Most of the time, just hearing a parent’s story and seeing a child is enough to make the diagnosis of gastroesophageal (GE) reflux, but sometimes testing may be recommended. These tests are most commonly used to diagnose GE reflux:
This special x-ray test allows doctors to follow food down the baby’s esophagus, through the stomach, and into the first part of the small intestine. The baby is fed a chalky-white liquid called barium. A video x-ray machine follows the barium through the upper intestinal tract and lets doctors see if there are any abnormal twists, kinks or narrowings of the upper intestinal tract. This test does not, however, give doctors much information on how the intestine works when food is in it, so it is not a very reliable way of diagnosing reflux.
Note: Many children with severe reflux symptoms will not demonstrate reflux on a barium swallow (poor sensitivity) and conversely, children who demonstrate reflux on a barium swallow may have no symptoms of gastroesophageal reflux (poor specificity).
Perhaps more important, the severity of reflux observed on a barium swallow does not help to predict the severity of symptoms of reflux nor does it help to predict the ultimate outcome. Fewer than 30% of adults with symptoms of chronic GE reflux demonstrate reflux on a barium swallow, and fewer than 30% of adults with esophagitis as a result of chronic reflux demonstrate reflux on a barium swallow.
With this test, the infant drinks milk mixed with technetium, a very weakly radioactive chemical, and then the technetium is followed through the intestinal tract using a particular type of camera. This test is helpful in determining whether some of the milk/technetium ends up in the lungs (aspiration). It may also be helpful in determining how long milk sits in an infant’s stomach.
With this test, a small wire with an acid sensor is placed through the infant’s nose down to the bottom of the esophagus. The sensor is usually left in place for 12-24 hours. It can detect when stomach acid “refluxes” into the esophagus. This information is generally recorded on a computer. At the conclusion of the test, we can determine how often the infant “refluxes” and whether there are any symptoms when this occurs.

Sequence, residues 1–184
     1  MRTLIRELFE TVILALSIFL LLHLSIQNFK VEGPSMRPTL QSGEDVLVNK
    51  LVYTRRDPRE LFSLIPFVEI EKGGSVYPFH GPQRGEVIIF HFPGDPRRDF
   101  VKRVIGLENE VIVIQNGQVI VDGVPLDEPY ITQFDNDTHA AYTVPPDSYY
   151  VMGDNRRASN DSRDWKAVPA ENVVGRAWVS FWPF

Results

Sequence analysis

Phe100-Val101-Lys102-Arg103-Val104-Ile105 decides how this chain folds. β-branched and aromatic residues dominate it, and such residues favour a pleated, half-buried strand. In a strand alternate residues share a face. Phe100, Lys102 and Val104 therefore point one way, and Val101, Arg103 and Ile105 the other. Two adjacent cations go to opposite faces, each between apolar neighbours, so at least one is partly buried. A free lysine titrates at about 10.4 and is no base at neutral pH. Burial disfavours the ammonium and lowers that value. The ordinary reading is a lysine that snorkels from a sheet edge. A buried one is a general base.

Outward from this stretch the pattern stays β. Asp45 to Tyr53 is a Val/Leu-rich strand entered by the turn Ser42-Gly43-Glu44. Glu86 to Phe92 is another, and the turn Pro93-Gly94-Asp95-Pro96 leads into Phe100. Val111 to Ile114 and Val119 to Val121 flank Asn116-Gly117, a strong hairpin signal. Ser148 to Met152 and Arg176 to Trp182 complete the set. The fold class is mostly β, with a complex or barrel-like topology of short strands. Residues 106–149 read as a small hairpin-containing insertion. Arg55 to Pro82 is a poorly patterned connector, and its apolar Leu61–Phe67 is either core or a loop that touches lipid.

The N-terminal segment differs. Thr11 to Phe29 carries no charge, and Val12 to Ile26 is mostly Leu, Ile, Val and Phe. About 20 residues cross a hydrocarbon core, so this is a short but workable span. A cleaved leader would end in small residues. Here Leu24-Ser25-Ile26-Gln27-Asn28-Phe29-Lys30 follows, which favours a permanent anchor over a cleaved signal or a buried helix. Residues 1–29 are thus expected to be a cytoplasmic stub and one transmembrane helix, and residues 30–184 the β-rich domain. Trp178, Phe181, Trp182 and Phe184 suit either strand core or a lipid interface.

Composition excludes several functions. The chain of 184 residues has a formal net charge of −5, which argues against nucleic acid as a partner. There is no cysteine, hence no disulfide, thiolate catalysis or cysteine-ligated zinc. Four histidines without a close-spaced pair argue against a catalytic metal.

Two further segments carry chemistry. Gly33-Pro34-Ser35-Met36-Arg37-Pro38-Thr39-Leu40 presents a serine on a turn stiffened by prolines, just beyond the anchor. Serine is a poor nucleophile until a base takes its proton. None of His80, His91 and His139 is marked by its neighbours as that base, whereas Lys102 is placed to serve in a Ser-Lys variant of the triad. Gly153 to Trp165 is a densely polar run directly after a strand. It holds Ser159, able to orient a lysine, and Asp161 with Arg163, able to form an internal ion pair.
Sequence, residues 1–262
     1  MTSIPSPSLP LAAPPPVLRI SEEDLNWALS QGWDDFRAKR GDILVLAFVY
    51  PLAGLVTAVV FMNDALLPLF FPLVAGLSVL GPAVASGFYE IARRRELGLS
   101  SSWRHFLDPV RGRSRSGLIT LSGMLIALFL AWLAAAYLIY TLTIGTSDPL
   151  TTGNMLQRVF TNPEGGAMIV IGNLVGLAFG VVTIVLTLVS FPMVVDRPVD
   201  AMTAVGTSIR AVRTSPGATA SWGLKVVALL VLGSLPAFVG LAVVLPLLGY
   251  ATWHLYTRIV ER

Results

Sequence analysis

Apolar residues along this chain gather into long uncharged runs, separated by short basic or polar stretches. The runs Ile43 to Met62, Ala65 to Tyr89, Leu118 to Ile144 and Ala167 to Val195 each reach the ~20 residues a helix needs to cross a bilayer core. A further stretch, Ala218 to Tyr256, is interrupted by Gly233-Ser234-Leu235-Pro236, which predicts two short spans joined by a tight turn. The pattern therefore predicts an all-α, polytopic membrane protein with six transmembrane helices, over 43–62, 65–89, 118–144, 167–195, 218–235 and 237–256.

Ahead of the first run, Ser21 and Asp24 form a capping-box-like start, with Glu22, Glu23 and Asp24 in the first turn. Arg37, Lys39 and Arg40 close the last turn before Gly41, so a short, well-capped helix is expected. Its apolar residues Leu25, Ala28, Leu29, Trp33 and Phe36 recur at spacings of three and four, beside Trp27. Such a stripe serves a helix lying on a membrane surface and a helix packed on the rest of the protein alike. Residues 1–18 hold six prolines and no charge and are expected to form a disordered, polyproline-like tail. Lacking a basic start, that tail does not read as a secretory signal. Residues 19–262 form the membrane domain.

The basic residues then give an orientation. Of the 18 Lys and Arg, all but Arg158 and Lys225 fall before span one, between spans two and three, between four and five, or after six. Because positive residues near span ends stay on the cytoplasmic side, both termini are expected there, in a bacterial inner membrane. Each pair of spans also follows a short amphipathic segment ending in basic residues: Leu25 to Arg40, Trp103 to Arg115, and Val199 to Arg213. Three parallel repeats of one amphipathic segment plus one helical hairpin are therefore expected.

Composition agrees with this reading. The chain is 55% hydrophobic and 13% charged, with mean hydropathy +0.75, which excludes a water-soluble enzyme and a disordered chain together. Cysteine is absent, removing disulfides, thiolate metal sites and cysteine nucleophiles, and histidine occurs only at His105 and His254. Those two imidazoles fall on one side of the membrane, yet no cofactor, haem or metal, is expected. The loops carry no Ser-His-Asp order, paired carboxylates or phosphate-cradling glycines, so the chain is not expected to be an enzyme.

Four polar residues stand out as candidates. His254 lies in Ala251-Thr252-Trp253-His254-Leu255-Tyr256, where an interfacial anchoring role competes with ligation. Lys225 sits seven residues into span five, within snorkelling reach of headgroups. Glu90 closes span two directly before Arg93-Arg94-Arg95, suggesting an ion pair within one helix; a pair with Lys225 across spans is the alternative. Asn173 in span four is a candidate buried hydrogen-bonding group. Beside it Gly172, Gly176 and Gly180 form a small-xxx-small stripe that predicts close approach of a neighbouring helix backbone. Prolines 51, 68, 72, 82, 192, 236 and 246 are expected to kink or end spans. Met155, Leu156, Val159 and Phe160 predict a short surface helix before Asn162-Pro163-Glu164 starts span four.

Unfortunately, the severity of reflux as measured by pH probe often doesn’t correlate with the severity of symptoms . . . that is, some infants with very frequent vomiting will have a normal pH probe study. Perhaps more important, the severity of reflux measured by a pH probe does not help to predict the ultimate outcome. Although pH probe analysis is abnormal in nearly 80% of infants with mild reflux symptoms (i.e. occasional spitting and vomiting), one third of infants with severe symptoms have a normal pH probe study! Also, fewer than 40% of infants with severe esophagitis due to chronic reflux will have abnormal pH probe studies.
Perhaps the greatest potential value of pH probe analysis is in trying to correlate reflux with unusual or persistent symptoms such as apnea, stridor, coughing or wheezing, choking, gagging, or unexplained irritability. If these symptoms occur frequently enough, a pH probe analysis can determine if these symptoms occur at the same time as episodes of acid reflux.
This is the most invasive test. A flexible endoscope with lights and lenses is passed through the infant’s mouth into the esophagus, stomach, and duodenum, allowing a direct look to see if there is any irritation or inflammation. In some children with reflux, repeated exposure of the esophagus to stomach acid causes some inflammation (esophagitis). The greatest problem with this test is that most infants with reflux symptoms do not develop esophagitis (less than half with severe symptoms have esophagitis at endoscopy), so a normal test does not necessarily mean the child does not have reflux.
As you can see, none of these tests is perfect. Each has strengths and weaknesses and provides different information.
In most cases, diagnosis of GE reflux can be made clinically based on a careful history and physical examination of the child.
In a child whose development is delayed or disordered, it is appropriate to consider reflux when the child:
- suffers from recurrent pneumonia or aspiration,
- is chronically irritable without any apparent explanation, or
- does not grow well despite receiving adequate numbers of calories
Diagnostic tests are primarily useful when trying to associate these types of unusual or severe symptoms with reflux, but offer little information about the ultimate outcome or appropriate treatment strategies.